Everything You Need to Know About a Removable Partial Denture

Perfect smiles come at a price.

How much, you ask? Well, just over $140 billion, if you ask the American Dental Association (ADA).

A considerable portion of that money goes toward fixing or replacing teeth. Until we find a way to regrow teeth or tooth enamel, we’ll have to rely on dental solutions, such as crowns, implants, bridges, and dentures.

Speaking of dentures, did you know that if you still have some healthy teeth, your dentist can recommend a removable partial denture? Read on to learn more about partial dentures or partials to see if they’re the right option for you.

What Is A Removable Partial Denture?

Complete removable dentures are artificial replacement teeth that restore all the missing teeth in a patient’s mouth. Meanwhile, a partial denture requires some healthy teeth in the upper and lower parts of the mouth for support. While its primary function is to improve the appearance of a patient’s smile, it can also enhance the wearer’s speaking and chewing.

Having partials can also help your surrounding teeth, which could shift over time. Both complete and partial dentures are attached to pink or gum-colored plastic bases. However, partials have clasps or connectors that attach to the patient’s natural teeth.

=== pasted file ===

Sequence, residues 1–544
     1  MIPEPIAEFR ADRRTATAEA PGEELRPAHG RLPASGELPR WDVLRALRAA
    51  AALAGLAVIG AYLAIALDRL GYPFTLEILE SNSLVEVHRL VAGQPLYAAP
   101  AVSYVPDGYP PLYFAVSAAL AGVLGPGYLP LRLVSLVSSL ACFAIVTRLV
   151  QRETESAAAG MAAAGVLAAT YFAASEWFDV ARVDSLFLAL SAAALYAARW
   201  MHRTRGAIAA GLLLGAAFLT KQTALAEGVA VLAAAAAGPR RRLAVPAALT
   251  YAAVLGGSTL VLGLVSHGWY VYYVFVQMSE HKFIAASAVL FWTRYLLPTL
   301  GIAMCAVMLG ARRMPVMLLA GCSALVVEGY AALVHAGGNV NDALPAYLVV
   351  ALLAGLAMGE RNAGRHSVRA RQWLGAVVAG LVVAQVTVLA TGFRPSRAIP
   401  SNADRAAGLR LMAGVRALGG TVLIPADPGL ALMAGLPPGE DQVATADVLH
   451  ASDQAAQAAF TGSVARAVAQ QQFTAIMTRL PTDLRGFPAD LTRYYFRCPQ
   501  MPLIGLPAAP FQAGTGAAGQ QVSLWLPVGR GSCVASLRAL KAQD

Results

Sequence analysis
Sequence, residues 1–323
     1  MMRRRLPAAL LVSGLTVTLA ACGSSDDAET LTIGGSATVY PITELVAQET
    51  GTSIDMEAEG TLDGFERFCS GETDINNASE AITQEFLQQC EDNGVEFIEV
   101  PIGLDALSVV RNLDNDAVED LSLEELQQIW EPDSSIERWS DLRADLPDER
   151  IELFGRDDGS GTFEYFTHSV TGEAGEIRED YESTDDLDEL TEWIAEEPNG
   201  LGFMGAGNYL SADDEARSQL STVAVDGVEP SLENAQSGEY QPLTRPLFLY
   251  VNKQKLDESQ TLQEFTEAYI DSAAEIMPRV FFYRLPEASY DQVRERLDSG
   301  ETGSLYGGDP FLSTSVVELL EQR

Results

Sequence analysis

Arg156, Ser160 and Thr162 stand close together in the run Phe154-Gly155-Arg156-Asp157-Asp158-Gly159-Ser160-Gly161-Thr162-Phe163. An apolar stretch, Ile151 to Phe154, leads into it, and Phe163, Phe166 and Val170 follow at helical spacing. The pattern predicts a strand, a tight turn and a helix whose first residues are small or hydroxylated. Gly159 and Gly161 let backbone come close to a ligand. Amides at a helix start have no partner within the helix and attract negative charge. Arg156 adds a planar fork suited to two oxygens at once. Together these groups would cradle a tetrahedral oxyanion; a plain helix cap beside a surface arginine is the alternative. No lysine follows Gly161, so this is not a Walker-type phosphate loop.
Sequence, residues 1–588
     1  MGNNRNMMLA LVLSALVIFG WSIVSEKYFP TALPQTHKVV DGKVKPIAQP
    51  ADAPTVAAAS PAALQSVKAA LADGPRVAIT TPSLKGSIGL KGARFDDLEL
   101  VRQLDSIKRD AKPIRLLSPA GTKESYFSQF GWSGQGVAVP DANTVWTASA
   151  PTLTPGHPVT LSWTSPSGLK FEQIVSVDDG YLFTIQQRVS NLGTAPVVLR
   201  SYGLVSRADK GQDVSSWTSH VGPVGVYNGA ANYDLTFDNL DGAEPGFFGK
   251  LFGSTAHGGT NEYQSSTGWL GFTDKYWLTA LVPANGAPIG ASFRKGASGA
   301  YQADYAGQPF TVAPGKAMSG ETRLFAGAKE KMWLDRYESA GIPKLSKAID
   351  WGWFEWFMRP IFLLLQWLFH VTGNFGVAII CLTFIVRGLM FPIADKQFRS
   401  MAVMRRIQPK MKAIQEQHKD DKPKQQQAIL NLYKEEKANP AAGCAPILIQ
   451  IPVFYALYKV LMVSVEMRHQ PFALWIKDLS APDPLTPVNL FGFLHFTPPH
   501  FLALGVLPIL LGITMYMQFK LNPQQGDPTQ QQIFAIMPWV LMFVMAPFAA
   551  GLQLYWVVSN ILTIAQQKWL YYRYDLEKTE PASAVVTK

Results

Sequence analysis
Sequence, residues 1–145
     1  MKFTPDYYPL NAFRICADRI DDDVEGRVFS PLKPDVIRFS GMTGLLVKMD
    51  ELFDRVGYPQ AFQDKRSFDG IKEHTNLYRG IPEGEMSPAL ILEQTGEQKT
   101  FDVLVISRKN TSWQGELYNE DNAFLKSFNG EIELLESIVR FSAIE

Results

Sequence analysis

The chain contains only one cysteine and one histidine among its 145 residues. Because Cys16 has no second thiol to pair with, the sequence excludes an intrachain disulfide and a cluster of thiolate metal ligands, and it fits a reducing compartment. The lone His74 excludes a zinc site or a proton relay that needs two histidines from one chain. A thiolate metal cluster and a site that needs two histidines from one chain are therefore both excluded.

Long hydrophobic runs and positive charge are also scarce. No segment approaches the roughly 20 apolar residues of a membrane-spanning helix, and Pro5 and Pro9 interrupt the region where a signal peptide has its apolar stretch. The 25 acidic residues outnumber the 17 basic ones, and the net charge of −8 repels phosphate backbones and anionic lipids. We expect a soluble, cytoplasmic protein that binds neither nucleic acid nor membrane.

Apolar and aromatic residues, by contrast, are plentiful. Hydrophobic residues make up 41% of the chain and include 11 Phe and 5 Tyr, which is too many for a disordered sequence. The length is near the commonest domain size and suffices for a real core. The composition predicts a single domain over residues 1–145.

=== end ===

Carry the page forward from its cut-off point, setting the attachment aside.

If you don’t like how clasps look because they make it obvious to others that you’re wearing a denture, you can ask for precision attachments. These cost more, though, so keep that in mind when considering your teeth replacement options.

Who Needs Partial Dentures?

Partials are an excellent option for those who have lost teeth because of injury, decay, tooth extraction, or natural aging. As long as you still have some healthy teeth, your dentist can construct partial dentures for you.

However, if your remaining teeth aren’t in good condition, your dentist may recommend extracting these and replacing them with complete dentures.

Some patients don’t do so well with a removable partial denture. The good news is you don’t have to remove dentures if you have permanent ones. These are called fixed partial dentures or dental bridges.

More On Partial Denture Types

Removable partials can be cast metal, flexible plastic, and acrylic. Cast metal partial dentures are the most common type, having a denture base made of a mixture of several metals. They’re a fantastic solution for those who want to wear dentures long-term because of their high degree of stability and resistance to plaque build-up.

For those who want more natural-looking dentures, flexible partials are good, but they’re not very durable. Once they get a crack, there’s no repairing them, so you’ll have to spend money again on replacement.

The last would be acrylic partials, which have an acrylic base. That means they’re not ideal for those who are allergic to acrylic. They’re also not a long-term solution and can be less comfortable to wear than cast metal partial dentures.

How Much Do Partials Cost?

You know what they say, the best dentures are the ones you can afford. Okay, no one says that, but of course, the cost is a significant deciding factor for dental patients since insurance doesn’t cover all dental procedures, including dentures.